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For Immediate Release
Office of the Press Secretary
February 7, 2005

President Meets with Cabinet, Discusses Budget
The Cabinet Room

President's Remarks



11:15 A.M. EST

THE PRESIDENT: This is my first Cabinet meeting of the year 2005. I welcomed new members of our Cabinet to the table and congratulated them on their confirmations. Today we discussed a lot of issues. I reminded them that the war on terror goes on, but mainly discussed the issue of the budget.

We're submitting our budget today. OMB Director Josh Bolten will be presenting the budget at noon. It is a budget that sets priorities. Our priorities are winning the war on terror, protecting our homeland, growing our economy. It's a budget that focuses on results. Taxpayers in America don't want us spending their money on something that's not achieving results.

It's a budget that reduces and eliminates redundancy. It's a budget that is a lean budget. People on both sides of the aisle have called upon the administration to submit a budget that helps meet our obligations of -- our goal of reducing the deficit in half over a five-year period, and this budget does just that. Discretionary spending is -- will increase at a rate less than inflation. Plus, we've begun some reforms on the mandatory side. Congress needs to look at this budget and Congress needs to act on this budget in a fiscally responsible way.

I'll be glad to answer some questions. Terry.

Q Mr. President, what do you hope to accomplish by inviting Prime Minister Sharon and President Abbas to Washington separately? And why do you think there's a better chance of success now, than early effort -- earlier efforts, like the Red Sea summit?

THE PRESIDENT: First of all, Prime Minister Abbas comes to the table with a mandate from a lot of Palestinians. He has been through an election; he was endorsed by the Palestinian people.

Secondly, any meeting is part of a process, because in order to achieve the objective of two states living side-by-side in peace, there needs to be a -- there needs to be a level of trust between all parties -- "all parties" being, obviously, Israel and the Palestinians, but trust with the United States, trust with the United Nations, trust with Europe, trust with the parties who are going to be investing in a Palestinian state, for example. And so what you're watching is a process unfolding, where people are becoming more trustworthy.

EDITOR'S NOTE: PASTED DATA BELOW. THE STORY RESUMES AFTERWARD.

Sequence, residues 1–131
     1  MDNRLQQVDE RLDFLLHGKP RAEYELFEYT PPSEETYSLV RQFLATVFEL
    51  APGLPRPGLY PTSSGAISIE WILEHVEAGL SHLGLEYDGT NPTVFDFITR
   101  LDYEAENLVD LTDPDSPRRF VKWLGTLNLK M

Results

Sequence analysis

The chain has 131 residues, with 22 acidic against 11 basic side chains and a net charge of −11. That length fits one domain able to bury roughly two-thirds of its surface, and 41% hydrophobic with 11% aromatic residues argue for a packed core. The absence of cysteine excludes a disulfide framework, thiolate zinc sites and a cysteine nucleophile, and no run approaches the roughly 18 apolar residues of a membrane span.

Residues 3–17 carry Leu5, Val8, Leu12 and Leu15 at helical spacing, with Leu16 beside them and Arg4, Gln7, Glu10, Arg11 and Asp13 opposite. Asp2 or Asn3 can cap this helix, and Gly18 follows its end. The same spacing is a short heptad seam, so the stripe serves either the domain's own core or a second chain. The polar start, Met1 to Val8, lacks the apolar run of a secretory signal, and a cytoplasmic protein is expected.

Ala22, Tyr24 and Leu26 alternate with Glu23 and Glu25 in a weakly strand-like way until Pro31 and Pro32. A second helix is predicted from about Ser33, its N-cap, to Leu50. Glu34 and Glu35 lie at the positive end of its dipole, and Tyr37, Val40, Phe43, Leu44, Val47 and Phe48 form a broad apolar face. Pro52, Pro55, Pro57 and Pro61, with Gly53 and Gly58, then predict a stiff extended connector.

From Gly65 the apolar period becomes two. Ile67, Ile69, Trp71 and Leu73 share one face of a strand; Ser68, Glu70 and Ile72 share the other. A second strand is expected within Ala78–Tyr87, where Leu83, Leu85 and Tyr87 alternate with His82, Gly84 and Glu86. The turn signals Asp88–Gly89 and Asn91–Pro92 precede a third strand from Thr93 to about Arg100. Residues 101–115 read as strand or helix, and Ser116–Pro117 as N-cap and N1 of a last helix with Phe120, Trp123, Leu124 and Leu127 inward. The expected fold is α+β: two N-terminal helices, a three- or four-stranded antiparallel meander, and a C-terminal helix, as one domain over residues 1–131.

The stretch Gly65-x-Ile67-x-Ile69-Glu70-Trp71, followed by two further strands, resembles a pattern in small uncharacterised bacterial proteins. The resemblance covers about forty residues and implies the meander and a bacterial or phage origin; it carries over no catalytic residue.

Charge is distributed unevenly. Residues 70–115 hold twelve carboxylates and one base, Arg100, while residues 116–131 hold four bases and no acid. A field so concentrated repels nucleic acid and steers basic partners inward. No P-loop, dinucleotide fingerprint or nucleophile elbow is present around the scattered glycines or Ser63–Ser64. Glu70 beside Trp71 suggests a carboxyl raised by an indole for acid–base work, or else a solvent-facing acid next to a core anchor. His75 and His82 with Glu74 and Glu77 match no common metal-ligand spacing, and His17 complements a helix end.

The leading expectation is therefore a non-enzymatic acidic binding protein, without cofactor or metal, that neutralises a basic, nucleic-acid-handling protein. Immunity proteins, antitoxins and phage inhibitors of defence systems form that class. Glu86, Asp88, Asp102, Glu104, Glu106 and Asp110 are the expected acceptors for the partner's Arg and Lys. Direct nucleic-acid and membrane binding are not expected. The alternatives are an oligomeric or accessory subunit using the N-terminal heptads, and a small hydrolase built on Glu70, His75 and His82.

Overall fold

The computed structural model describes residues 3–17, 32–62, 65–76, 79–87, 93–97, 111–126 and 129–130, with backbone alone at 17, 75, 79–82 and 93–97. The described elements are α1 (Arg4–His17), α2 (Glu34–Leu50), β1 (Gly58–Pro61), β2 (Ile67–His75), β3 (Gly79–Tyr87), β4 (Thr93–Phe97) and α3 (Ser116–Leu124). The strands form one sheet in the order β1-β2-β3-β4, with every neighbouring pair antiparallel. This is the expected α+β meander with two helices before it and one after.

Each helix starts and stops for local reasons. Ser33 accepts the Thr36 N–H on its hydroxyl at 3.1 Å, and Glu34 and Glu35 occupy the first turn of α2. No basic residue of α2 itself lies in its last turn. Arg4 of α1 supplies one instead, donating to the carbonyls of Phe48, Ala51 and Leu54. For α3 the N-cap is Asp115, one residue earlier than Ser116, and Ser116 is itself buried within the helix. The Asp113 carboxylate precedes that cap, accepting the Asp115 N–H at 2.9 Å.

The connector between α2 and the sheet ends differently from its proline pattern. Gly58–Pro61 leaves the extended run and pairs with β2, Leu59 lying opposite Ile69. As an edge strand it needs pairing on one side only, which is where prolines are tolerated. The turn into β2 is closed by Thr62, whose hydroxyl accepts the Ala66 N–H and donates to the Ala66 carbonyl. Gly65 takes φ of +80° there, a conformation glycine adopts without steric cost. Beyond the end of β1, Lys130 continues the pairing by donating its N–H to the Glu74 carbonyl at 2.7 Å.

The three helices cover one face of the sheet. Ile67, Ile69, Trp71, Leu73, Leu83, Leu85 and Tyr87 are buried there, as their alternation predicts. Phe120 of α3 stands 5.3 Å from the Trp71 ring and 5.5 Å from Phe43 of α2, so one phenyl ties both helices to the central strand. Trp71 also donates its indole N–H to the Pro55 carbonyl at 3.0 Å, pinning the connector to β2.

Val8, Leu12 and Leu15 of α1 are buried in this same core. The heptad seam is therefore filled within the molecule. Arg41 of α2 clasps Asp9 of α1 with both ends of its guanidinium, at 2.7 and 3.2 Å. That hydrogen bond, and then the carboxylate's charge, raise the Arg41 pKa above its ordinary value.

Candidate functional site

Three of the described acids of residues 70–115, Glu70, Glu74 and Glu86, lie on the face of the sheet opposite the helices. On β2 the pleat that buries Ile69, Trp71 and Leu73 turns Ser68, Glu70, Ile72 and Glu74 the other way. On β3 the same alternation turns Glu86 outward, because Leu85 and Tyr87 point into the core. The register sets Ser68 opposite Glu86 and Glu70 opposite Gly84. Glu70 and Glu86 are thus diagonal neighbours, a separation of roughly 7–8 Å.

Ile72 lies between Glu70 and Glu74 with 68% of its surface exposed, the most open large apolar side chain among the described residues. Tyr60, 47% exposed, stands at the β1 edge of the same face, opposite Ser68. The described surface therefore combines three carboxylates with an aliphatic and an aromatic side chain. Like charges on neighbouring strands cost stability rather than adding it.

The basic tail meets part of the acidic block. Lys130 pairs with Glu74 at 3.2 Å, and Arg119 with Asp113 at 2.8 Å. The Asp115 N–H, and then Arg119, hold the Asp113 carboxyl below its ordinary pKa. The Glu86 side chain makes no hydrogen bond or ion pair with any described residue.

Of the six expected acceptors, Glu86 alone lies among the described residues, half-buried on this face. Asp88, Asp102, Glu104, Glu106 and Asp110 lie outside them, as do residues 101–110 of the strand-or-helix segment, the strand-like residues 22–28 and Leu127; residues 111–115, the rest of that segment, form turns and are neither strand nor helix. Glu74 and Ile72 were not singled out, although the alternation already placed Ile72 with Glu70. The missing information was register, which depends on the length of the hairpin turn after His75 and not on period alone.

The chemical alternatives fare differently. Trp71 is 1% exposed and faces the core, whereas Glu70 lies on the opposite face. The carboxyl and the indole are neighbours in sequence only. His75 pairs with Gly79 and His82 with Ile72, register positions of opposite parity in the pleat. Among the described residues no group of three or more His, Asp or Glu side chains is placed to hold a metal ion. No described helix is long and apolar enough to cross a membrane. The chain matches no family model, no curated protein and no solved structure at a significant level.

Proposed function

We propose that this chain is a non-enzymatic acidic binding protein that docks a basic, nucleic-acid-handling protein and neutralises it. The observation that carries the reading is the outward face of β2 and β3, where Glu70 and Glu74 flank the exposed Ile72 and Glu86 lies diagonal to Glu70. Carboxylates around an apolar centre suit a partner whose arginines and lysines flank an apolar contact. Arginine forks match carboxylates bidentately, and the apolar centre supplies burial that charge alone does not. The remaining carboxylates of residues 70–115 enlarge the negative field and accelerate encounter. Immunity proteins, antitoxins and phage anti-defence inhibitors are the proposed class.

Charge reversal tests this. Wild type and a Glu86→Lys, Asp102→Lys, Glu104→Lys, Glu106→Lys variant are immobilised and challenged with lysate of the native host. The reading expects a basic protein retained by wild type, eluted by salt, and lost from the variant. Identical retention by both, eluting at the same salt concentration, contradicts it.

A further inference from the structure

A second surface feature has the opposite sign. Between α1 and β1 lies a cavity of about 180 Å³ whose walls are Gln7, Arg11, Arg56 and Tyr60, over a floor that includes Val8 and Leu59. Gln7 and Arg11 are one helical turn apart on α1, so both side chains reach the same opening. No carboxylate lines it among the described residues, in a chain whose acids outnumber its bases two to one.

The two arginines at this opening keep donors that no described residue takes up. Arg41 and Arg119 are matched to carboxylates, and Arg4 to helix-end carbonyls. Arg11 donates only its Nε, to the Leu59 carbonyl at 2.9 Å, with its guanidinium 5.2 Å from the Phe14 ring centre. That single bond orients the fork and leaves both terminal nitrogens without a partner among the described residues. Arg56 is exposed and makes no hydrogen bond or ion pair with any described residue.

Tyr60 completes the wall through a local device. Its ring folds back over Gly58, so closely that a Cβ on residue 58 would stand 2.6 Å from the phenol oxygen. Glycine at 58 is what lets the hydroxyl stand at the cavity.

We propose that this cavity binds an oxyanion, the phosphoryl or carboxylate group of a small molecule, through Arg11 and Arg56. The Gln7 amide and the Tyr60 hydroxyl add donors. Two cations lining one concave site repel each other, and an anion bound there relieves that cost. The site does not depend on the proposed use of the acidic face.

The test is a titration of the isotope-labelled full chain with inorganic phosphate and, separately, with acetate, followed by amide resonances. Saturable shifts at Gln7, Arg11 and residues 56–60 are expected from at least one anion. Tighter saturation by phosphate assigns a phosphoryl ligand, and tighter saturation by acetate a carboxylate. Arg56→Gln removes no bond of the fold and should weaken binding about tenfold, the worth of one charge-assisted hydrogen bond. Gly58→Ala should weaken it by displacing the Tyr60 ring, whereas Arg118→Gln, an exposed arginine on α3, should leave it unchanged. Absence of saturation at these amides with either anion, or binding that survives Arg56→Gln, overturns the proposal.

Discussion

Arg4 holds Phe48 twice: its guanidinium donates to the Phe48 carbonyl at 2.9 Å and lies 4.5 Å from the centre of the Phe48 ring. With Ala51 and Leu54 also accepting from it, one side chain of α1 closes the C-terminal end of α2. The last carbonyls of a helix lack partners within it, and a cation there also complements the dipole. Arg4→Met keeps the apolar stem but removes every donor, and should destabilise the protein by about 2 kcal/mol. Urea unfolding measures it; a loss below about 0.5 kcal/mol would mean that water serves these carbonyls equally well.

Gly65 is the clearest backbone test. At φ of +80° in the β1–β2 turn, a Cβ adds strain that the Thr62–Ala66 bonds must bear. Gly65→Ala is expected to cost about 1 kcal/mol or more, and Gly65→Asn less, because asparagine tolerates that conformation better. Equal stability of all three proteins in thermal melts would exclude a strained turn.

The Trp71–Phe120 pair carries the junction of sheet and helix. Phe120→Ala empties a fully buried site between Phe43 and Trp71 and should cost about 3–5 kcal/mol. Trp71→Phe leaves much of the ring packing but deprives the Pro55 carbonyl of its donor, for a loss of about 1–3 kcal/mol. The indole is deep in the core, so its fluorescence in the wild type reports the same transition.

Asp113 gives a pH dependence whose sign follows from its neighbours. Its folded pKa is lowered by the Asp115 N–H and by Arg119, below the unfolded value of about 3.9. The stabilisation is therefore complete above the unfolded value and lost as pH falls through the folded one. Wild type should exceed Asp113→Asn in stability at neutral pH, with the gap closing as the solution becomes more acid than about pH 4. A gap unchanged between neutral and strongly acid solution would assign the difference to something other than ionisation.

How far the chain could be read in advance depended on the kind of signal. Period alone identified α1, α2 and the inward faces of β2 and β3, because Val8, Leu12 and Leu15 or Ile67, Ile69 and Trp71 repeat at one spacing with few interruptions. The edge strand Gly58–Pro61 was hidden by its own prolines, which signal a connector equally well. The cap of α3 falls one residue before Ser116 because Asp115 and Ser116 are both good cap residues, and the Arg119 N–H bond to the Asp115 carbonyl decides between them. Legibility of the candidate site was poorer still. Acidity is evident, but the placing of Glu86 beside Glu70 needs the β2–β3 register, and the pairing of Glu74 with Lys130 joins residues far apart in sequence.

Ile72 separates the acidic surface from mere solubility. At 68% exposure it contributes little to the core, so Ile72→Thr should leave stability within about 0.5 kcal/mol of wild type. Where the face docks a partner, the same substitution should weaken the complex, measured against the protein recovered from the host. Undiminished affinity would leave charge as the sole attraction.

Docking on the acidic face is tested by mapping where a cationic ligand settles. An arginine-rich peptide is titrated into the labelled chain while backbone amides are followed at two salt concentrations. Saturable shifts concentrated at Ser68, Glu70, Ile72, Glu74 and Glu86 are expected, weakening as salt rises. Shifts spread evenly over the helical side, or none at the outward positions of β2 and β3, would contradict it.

I have been impressed by Prime Minister Abbas's commitment to fighting off terror. I've been impressed by what he is -- his public statements. I've also been impressed by the fact that Israel helped the Palestinians have an election, went out of their way to make sure that people were allowed to go to the polls. And the meetings just indicate that there's more work to be done, and I look forward to meeting with them.


Q Thank you, sir. How hard is it going to be to get Congress to go along with your budget when it cuts some popular programs that Congress has refused to go along with in the past?

THE PRESIDENT: Well, that's a great question. I look forward to explaining to the American people why we made some of the requests that we made in our budget. I fully understand that sometimes it's hard to eliminate a program that sounds good. But by getting people to focus on results -- I was saying to members of Congress, show us the results as to whether or not this program is working. I think we'll get a pretty good response.

I will tell you, we go into this process upbeat because we've worked closely with the Congress the last four budget cycles. And the Congress appropriators -- Congress and the appropriators met our budget requests. I mean, there's a collaborative effort. We've had a history of being successful in terms of passing good, strong budgets. And so I'm very optimistic that we can do so again this year. Josh Bolten will be up, outlining the budget, our Cabinet Secretaries will be talking about certain aspects of their respective budgets, and I think people will see that it's a common sense approach to the budgets.


Q Yes, Mr. President. I'm ready, too. (Laughter.)

THE PRESIDENT: Did somebody tip you off that I might call upon you, or is it just -- Q -- I've been watching you lately. (Laughter.)

THE PRESIDENT: All right. (Laughter.)

Q First of all, you're talking about equality and keeping everything on a level playing field for everyone. Many people are saying that this budget proposal is not even. You're cutting out many programs for the disadvantaged. And, also, what was one of the main programs that you cut that you really had a hard time in cutting as you looked at things that were copies of another?

THE PRESIDENT: I'm going to let Josh answer the degree of difficulty question because we've -- we're asking for Congress to cut and/or reduce 150 different programs. The important question that needs to be asked for all constituencies is whether or not the programs achieve a certain result. Have you set goals, and are those goals being met? And the poor and disadvantaged absolutely ought to be asking that question, too. In other words, what is the goal of a particular program? And if that goal isn't being met, the question ought to be asked, why isn't the goal being met?

And that's the questions we've been asking. And after a while, we get tired of asking that question. So, finally, it is to take resources and direct them to programs that are working. And that's what you'll find in the education budgets and the health budgets, for example. And those are very legitimate questions, and the people deserve -- deserve to have them answered, which this administration will answer in a forthright fashion.

Thank you all for coming.

END 11:22 A.M. EST

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